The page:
To my husband: You make me a better mother đź’ś

Keep calm and watch SportsCenter. You deserve it. 

To my husband: You make me a better mother đź’ś

I'll admit it: Though I'm trained in early childhood education and naturally fluent in baby and toddler speak, at times, I'm not right.

Shocking I know, but it is true. From time to time I must submit my knowledge to a special teacher of mine: my husband—the father, no, the Daddy, to my two radiant little people.

As an ode to my him, an ode to the Dads out there who are really doing it—I want to say: thank you.

So here are few lessons I've learned from my husband that make me a better mother.

1) Say it directly.

When my daughter, our second, was an infant, our relationship had a rocky moment.

Some resentment that went both ways—not very healthy. Despite complete sleep deprivation, I remember one moment distinctly. My husband had recently walked in from a day at the office, I had spent the day doing all the things mom does in a day (and probably was longing for some time at an office), he walked through the kitchen to our room to change clothes or something, and I snarkily remarked something to the effect of “Well I guess since you aren't going to wash the dishes, I will."


He looked me right in the eye and firmly and briskly said Don't do that.

Don't do that. Don't say it like that. It's so annoying. Just say what you want. I would much rather you say, Please fold the laundry, as opposed to something passive and angry.

I thought about getting offended. I decided instead to engage in a discussion. I let him know that I try not to bark orders, because that makes me feel like a demanding nag. He assured me it was much better to speak up and say clearly what I need, and further, that he wants to be helpful but honestly didn't see the house and the tasks in the same way I did. We ended up doing an exercise where we went from room to room describing what we saw.

Turns out, in each room, we saw a different scene. His eyes didn't scan for all the details. He wasn't thinking about packing lunches for the next day, and the spit up probably still left on the wall, and the phone call I needed to make, or any of the rest of it. He wasn't worried about the list running through my head. He was just glad to be home.

Over time, we've learned to meet in the middle here. I try to look away from the piles, and only feel the wholeness of the room, and he has developed a sense of what needs to be done without asking. And when he isn't seeing what needs to be done—I no longer feel badly about asking for it. It's a much healthier balance - for both of us.

Say what I need and don't feel guilt for it.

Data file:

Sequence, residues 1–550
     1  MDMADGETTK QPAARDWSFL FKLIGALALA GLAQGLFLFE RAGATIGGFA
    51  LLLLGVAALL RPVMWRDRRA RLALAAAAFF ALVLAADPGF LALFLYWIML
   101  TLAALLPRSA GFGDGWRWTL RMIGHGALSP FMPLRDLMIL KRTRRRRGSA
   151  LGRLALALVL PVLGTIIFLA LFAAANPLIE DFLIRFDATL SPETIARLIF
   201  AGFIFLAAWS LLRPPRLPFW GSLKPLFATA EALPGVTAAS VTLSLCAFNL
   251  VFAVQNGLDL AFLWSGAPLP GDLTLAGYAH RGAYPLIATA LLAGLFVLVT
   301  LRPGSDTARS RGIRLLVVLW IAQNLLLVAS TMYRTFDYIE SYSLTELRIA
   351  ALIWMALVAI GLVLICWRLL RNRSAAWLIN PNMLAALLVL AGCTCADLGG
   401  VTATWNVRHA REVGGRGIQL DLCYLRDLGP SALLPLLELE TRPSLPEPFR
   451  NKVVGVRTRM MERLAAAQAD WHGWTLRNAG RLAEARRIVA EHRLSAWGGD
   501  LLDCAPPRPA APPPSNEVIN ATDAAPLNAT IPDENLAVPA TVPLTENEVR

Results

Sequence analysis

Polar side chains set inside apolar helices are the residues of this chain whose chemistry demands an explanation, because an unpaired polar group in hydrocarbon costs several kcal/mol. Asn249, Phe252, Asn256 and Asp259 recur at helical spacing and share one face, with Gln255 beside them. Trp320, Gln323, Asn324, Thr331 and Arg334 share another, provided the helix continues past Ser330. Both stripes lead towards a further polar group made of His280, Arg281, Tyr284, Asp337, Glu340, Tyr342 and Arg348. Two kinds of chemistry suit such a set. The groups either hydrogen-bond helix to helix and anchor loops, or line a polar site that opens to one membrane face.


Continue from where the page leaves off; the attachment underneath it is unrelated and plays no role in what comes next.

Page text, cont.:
2) Let go of control.

It might not be done my way, but that doesn't mean that it was done the wrong way.

I once made sure I laid out our children's clothes, attempted to teach my husband which bucket held what toys, and checked in if I was out.

Now, I don't care.

My husband is taking care of them while I do something else. I'm grateful. The end.

I used to interject to tell him how to respond some of our children's questions. I mean, I had the education and the expertise of being with them 96% of the time. Luckily I quickly realized I was doing more harm than good by micro managing their relationship. Does Dad answer or connect the same way I do? No. He does it Dad's way, and that's a really special thing. I waste precious time and energy attempting to be in charge of every detail. And my kids have a wonderful relationship with the most important man in their life. I'm happy to stay out of it.

3) It's OK to tune out at times.

A parent doesn't always have to be on.

My husband wakes up and takes a shower first. He doesn't worry immediately about the kids. Partly because he knows I am doing it already, but partly because he firmly feels that he is more help if he takes care of himself first. And you can bet he doesn't feel a speck of guilt by not jumping up to help the kids immediately.

I, on the other hand, end up scrambling around to brush my own teeth before leaving the house, because I've been jumping at all the kid requests from the time I woke. He leaves the house a lot less frazzled than I do.

He might be on to something.

Additionally, he watches sports and tunes out. Completely. Zones out. Literally doesn't hear the kids “Dad! Daddy! Daddy!" And yet, I hear the tiniest of whispers “Mommy?!" Why is that?

I often feel over extended, trying to accomplish a few feats of magic in my world, constantly interrupted by Mommy? My husband has no intrinsic feeling that he must answer every request for his attention. He is perfectly content to zone out and answer when he is good and ready. He doesn't waste time feeling badly about this. He doesn't question himself Do I give them enough attention? Seeing as how I am with the kids more often—I'm thinking I should cut myself some slack here and there for some zone-out time.

4) How to make proper Star Wars sound effects and race car noises while playing.

Well. Let's be honest. I still get criticized (by my children) for my lack of talent in this department.